tion plainly indicates. They are very 
distinct, and can be distinguished 
by a moment's inspection without 
Series X.--This is a very peculiar 
sort of paper, which is quite fragile, 
and will not bear much handling. It 
is quite as soft as that of series VII. 
Series XI.---This paper is also, of a 
peculiar texture ; the surface presents a 
sort of hairy appearance, and the qual- 
ity is better than Series X, although 
not as tough as series XII. 
Series XII and XIII.--This paper 
presents, even when looking at the 
face of the specimens, so entirely dif- 
ferent an appearance to that employed 
in any of the other series, that a ref- 
erence to the back is hardly neces- 
sary. It is found in two thicknesses, 
which have the same appearance, and 
seems to have been employed for all 
the values except the 12d. 
Series XIV.--We are surprised that 
this variety has hitherto escaped no- 
tice. It is so distinct, both in paper 
and color, from any of the other 6d 
stamps. It has only been found in 
shades of a peculiarly brownish purple 
which is a color entirely different 


from that presented by specimens on 
any other of the papers, employed. 
It is an exceedingly rare variety. 
It would indeed be a task for the 
most intrepid of specialists to try and 
complete his Canadian stamps on such 
ambitious lines, to say nothing of ac- 
quiring the ingenuity necessary to dif- 
ferentiate between them. Their phila- 
telic importance is, in our humble opin- 
ion, not a matter of very great conse- 
quence. At that period, hand-made 
paper was still being used to a very 
large extent and even machine-made 
paper was not manufactured with the 
nicety of standardisation that is pos- 
sible with the improved machinery of 
to-day. Consequently, the sheets of 
paper, even in such a small commercial 
quantity as a ream, would generally 
show considerable variation in texture. 
Thin and thick sheets were frequently 
mixed to obtain the necessary weight 
per reana specified iu any particular 
grade of paper. No particular quality 
of paper was, apparently, specified for 
the manufacture of these stamps, and 
so long as it looked much about the 
same it is very obvious the printers 
made no particular effort to maintain an 
exact standard. It is even questionable 
that the wove and laid varieties mark 
distinct consignments or printings of 
the stamps. Indeed, so far as the 12d is 
concerned at any rate, both varieties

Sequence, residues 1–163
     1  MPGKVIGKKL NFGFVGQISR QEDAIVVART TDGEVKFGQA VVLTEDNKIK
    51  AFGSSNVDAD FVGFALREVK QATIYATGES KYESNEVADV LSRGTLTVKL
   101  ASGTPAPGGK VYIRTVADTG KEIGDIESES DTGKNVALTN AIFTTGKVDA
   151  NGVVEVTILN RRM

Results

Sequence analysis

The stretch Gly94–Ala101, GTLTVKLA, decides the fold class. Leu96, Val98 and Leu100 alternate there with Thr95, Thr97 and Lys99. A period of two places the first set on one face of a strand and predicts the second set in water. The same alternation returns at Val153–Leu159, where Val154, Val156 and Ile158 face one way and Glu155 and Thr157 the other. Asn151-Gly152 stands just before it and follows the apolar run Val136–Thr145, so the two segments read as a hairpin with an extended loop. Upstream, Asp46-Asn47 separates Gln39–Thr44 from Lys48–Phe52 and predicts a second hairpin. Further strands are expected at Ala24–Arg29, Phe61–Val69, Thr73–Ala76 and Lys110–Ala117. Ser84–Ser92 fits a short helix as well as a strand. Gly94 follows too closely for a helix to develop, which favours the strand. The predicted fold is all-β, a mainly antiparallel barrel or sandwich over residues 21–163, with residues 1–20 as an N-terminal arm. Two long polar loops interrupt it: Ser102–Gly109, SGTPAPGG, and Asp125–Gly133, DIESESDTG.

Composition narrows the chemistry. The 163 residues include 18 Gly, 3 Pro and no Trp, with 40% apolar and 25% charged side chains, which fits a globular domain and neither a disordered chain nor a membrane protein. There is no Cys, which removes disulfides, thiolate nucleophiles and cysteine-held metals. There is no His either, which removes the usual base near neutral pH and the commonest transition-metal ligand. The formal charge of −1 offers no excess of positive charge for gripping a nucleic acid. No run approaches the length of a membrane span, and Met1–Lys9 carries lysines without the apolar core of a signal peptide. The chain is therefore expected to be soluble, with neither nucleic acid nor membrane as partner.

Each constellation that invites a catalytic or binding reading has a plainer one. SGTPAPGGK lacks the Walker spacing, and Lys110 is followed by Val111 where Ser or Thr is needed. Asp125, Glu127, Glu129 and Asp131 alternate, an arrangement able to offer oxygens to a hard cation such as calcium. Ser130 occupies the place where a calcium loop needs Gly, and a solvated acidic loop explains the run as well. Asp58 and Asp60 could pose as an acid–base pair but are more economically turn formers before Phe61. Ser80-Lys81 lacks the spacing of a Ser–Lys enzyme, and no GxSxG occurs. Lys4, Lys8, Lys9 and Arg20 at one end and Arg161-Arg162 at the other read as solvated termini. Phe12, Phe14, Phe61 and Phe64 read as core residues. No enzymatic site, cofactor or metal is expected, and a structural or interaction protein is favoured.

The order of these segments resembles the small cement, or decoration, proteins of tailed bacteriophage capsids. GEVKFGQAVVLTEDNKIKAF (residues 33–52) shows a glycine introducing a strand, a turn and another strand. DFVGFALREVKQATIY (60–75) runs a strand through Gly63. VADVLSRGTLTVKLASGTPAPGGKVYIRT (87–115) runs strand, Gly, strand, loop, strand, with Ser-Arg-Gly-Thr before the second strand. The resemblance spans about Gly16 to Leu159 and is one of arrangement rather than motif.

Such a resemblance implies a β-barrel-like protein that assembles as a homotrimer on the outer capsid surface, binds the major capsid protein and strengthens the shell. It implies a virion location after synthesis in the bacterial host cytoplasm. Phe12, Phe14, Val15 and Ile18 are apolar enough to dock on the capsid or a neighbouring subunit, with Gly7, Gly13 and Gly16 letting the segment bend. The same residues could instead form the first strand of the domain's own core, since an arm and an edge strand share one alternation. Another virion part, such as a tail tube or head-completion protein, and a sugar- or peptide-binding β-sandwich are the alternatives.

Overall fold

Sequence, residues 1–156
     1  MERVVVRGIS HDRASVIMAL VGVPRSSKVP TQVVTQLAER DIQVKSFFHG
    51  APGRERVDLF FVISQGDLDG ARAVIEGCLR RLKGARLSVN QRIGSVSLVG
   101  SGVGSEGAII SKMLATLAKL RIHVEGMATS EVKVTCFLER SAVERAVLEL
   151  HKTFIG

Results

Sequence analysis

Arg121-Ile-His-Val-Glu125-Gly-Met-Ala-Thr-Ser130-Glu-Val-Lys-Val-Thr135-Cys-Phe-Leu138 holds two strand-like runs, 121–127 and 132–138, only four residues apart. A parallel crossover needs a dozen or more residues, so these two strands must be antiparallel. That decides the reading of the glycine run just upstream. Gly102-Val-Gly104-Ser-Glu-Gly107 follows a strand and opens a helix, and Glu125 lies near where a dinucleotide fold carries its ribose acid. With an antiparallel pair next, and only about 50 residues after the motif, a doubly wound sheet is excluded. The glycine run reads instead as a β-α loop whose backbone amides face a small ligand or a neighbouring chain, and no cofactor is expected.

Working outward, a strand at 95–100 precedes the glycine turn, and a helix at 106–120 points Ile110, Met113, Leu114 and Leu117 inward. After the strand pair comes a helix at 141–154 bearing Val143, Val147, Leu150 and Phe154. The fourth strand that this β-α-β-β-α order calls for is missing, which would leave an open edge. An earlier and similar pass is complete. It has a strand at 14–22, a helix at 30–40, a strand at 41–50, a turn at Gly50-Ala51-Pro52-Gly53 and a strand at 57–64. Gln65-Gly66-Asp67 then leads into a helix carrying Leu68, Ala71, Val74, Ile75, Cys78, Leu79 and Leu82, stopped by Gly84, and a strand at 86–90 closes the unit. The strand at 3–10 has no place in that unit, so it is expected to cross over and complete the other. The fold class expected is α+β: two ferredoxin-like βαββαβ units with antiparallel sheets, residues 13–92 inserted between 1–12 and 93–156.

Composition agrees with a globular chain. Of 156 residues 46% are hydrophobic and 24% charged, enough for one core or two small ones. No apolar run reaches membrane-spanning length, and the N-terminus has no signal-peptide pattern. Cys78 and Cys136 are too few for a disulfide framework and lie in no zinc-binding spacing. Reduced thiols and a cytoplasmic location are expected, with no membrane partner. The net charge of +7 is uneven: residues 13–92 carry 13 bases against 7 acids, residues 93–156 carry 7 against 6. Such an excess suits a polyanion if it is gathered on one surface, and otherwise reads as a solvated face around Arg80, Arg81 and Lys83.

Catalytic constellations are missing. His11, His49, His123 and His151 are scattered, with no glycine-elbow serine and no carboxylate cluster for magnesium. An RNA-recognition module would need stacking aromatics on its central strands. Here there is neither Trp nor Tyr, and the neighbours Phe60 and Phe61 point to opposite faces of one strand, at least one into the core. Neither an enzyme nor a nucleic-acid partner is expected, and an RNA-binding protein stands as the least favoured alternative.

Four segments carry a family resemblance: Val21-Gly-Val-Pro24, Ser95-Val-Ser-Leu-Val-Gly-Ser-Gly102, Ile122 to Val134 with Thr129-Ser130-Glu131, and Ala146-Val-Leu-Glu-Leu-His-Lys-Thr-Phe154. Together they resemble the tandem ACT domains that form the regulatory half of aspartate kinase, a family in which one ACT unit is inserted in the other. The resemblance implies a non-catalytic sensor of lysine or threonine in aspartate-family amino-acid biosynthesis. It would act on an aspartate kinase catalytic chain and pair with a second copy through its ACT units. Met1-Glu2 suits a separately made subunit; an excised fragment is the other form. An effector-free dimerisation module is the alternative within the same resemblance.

must have been included in the same 
consignment. But, more serious still, 
from the point of view of those col- 
lectors who consider the wove and laid 
papers should be treated as major va- 
rieties, Mr. King admits that "the lines 
in the laid paper are of a most peculiar 
character" and that "it is often difficult 
to distinguish between the laid and the 
wove papers", while Mr. Howes states, 
"It happens sometimes that it is quite 
difficult to distinguish the laid paper, a 
very careful scrutiny or even the ex- 
treme resort to the benzine cup being 
necessary to bring out the watermarked 
lines, and perhaps then only in a half 
suspicious way." Writing in the Can- 
ada Stamp Sheet (Vol. IV, page 142), 
concerning the 12d value, Mr. John N. 
Luff stated, "It is my opinion that both 
the wove and laid papers are quite 
genuine and I think it is possible that 
both varieties might occur though there 
was only one lot sent out by the print- 
ers. It does not, of course, follow that 
the entire batch was printed on the 
same day or that two varieties of paper 
may not have been used. The early 
printers were not always very particu- 
lar about their paper, provided it was 

somewhat alike in a general way. Some 
collectors claim that laid paper is often 
of such nature that the lines do not 
show in some parts of the sheet, and I 
believe there is evidence to support this 
It is quite within the bounds of pos- 
sibility that the paper generally used 
for these stamp.s was intended to be 
what is known as "wove" to the trade, 
and that the "laid lines" originated in a 
purely accidental manner and are rather 
on the order of the "laid paper" va- 
rieties found in connection with the 
first 8c and 12c stamps of Sarawak. 
In short, it is probable that in some 
sheets at any rate the laid lines showed 
only in part. At best, therefore, it 
would appear that the "wove" is but a 
minor variety of the "laid" or vice 
versa, and while both varieties, as well 
as other varieties easily distinguished, 
such as the very thin and very thick, 
are of interest to specialists, they 
throw no light whatsoever on the his- 
tory of the stamps, and do not, from 
all the available facts, represent sepa- 
rate printings, so that their philatelic 
importance (aside from comparative 
rarity as minor varieties, with its 
accompanying variation in monetary 
worth) is not of a particularly high 
One peculiarity resulting from the 
use of papers of such varying quality is 
an apparent difference in the size of 
stamps of the same denomination. For 
instance, the stamps on the thinner 
kinds of paper generally measure 22 x 
18 ram., while those on thicker paper 
measure 22 x 17 ram. and papers of 
other thicknesses provide still other 
measurements. These differences in size